This year’s Berkeley Dance Project, presented by the University of California at Berkeley’s Department of Theater, Dance and Performance Studies, was inaptly titled Equal Footing, in that it was a peripatetic series of uneven assemblages of dancers from wildly different calibers. But, as an indignant performer of that night told me after I shared with her my feelings about the lack of across-the-board kinesthetic aptitude, it wasn’t about technique. She is right. It isn’t about all of them being on the same level in terms of dancing, and—as an undergraduate production—that would have been near impossible. So, I will suspend my insistence on technical precision and look beyond the clumsiness to locate why the showcase still left me underwhelmed.
The first piece, “MinEvent,” staged by Patricia Lent, was a composition of five dances choreographed by Merce Cunningham. My response to the piece, prima facia, was that it was cringe-worthy to say the least. It felt dated and underdeveloped. I don’t have a problem with abstraction or repetition and I by no means require a narratological through-line to enjoy a dance, so it was difficult for me to ascertain why I was so resistant to this piece. A friend who accompanied me to the show that night hit the nail on its catachretic head when he said that it felt like being at the museum. And for me, it was the difference between the Smithsonian and a warehouse of replicas. If a piece assumes itself as a compendium of works by a dance auteur known for razor-sharp precision, doesn’t the piece have to be immaculate? Each section of this dance seemed labored and over-concentrated. With a sequence of hyper-technical, seemingly simple combinations, the phrasing has to be effortless and precise. It just wasn’t. The costuming added to the dated-ness of the piece, and frankly, many of the dancers looked uncomfortable. So if the dancing wasn’t great and the piece was theme-less and abstract, there just wasn’t anything for the audience to hold on to. I will say, however, that the music provided by David Coll was the main event in “MinEvent.” The atmosphere created by the tonally surprising force of the underscoring provided a solid wave that carried this drudgery toward the finish line. It literally reverberated throughout the entire space, vibrating panels of metal at specific and poignant frequencies.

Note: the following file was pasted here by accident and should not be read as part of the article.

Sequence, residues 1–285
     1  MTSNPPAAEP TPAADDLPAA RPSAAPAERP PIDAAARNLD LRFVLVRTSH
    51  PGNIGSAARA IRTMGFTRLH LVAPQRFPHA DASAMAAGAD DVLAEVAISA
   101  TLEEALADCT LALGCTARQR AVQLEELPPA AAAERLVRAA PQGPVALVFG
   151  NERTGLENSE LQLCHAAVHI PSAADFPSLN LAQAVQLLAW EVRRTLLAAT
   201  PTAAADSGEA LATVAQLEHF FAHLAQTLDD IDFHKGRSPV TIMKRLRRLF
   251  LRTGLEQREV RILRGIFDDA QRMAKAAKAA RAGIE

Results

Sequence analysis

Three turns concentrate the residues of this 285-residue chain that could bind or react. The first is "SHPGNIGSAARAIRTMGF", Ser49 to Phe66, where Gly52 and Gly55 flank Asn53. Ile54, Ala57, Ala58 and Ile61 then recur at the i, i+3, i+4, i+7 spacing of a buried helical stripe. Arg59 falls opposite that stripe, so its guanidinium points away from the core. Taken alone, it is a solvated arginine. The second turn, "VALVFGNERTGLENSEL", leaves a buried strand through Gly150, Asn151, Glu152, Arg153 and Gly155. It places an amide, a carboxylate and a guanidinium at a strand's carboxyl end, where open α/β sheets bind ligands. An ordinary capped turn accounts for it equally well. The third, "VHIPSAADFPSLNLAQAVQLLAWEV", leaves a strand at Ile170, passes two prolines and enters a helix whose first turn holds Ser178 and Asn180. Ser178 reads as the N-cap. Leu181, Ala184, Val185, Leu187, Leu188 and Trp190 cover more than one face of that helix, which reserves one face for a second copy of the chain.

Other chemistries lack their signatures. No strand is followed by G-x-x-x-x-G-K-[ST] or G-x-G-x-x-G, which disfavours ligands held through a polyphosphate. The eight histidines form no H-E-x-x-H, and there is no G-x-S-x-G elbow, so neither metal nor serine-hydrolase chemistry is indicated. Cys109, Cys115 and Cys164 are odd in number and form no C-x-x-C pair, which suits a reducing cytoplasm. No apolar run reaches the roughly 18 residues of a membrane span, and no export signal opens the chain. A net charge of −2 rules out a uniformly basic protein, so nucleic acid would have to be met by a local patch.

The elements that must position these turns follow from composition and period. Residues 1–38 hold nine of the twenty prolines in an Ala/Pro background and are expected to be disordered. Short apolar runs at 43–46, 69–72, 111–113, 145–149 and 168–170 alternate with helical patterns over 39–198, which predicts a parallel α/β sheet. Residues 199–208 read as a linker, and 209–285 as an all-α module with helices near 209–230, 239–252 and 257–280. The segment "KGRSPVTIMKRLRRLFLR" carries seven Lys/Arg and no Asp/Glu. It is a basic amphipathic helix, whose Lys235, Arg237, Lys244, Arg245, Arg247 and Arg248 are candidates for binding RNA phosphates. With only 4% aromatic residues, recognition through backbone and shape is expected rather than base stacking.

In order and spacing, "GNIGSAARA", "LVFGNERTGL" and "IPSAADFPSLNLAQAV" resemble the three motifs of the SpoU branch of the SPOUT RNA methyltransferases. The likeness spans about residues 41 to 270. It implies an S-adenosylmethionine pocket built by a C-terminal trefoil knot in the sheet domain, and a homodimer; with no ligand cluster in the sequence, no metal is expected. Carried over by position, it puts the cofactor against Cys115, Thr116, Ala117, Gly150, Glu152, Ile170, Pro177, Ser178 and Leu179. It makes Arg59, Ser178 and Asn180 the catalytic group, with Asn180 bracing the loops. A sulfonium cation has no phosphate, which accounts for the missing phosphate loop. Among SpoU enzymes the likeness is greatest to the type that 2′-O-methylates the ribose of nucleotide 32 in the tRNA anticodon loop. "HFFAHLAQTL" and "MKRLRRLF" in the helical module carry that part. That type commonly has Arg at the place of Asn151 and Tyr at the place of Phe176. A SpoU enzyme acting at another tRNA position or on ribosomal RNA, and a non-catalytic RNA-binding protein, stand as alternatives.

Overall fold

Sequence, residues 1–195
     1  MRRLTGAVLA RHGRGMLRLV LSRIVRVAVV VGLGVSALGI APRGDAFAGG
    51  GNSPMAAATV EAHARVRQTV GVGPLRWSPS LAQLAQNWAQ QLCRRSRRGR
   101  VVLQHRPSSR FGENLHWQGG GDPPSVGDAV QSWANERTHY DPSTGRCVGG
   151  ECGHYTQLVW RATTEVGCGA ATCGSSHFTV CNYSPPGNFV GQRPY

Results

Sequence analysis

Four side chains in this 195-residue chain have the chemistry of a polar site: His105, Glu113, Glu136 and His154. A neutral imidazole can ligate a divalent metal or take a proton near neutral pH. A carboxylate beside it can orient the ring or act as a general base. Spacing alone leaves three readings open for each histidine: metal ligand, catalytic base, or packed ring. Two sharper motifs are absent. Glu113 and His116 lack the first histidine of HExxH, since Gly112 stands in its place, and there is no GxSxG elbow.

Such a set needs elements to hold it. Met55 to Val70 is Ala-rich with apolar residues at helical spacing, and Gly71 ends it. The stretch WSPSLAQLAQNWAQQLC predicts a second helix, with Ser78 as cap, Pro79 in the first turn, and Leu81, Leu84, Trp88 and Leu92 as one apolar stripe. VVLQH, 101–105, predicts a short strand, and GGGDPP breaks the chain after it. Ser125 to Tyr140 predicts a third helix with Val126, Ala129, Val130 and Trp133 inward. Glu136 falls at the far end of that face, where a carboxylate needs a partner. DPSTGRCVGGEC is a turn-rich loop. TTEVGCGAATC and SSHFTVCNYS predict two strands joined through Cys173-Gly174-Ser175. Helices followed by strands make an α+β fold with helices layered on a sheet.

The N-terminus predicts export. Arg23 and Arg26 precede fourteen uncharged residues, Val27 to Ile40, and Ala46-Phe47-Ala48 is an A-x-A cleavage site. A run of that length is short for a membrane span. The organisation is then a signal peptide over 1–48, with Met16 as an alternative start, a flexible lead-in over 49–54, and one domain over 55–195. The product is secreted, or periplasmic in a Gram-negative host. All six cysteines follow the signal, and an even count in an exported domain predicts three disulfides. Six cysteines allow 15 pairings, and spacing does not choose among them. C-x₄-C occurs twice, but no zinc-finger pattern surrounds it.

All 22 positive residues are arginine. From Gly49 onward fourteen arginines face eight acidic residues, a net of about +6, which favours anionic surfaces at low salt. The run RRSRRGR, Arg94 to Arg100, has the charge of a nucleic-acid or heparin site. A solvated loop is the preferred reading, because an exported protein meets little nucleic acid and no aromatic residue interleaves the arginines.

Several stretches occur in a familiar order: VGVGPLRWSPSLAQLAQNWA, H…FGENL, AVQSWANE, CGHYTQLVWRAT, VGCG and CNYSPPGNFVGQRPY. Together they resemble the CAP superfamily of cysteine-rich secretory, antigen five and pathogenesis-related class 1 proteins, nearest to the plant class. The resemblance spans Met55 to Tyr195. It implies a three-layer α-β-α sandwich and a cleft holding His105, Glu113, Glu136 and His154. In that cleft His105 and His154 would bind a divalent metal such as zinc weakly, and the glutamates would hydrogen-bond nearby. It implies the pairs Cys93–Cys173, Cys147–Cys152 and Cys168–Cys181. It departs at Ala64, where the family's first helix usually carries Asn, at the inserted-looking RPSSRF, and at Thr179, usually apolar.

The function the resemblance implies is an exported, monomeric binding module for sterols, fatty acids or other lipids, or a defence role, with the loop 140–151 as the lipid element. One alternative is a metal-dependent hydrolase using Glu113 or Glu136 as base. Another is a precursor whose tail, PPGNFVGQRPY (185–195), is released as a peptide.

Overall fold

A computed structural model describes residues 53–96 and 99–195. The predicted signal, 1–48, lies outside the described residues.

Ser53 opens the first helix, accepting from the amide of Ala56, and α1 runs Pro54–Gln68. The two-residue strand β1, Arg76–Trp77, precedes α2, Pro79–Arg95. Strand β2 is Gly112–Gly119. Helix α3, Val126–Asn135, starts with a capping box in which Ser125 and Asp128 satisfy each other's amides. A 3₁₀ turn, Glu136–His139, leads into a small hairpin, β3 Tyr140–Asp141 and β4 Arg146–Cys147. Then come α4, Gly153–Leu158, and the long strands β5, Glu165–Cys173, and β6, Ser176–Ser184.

The second performance, choreographed by the director of Equal Footing, Lisa Wymore, was well-placed, like a sorbet to wash the bad taste out of our mouths from the unpalatable previous piece. “Ain’t gonna be…” was facile and concrete. Drawing from stories and images from accounts of the great dustbowl, Wymore took a very literal approach to choreographing. It was about wind, so the dancers danced as if pushed by great zephyrs. It was about struggle, so the dancers adopted strained looks on their faces and danced as if they were having great difficulty. Again, the music was the best part of this piece (and the latter two—I might as well save my proverbial breath). Though the genres of music (folk and hymnal) too were easy choreographic choices, I appreciated how it was generated by the bodies of the dancers via voice or corporeal percussion. The employment as body as musical instrument illuminated the reality that the travesties of the dustbowl weren’t only economically or agriculturally impacting, but that this accost by nature was physiologically distressing. Erik Lee's solo in the piece was the highlight; he exhibited commitment, ferocity, musicality and full release. All in all, this was a lot easier to digest than the former. I don’t understand, however, why Wymore decided to include herself in the piece as the wind generator and square-dance caller. Seemed a bit self-indulgent. Perhaps she was playing with the stereotype that choreographers have insufferable god complexes.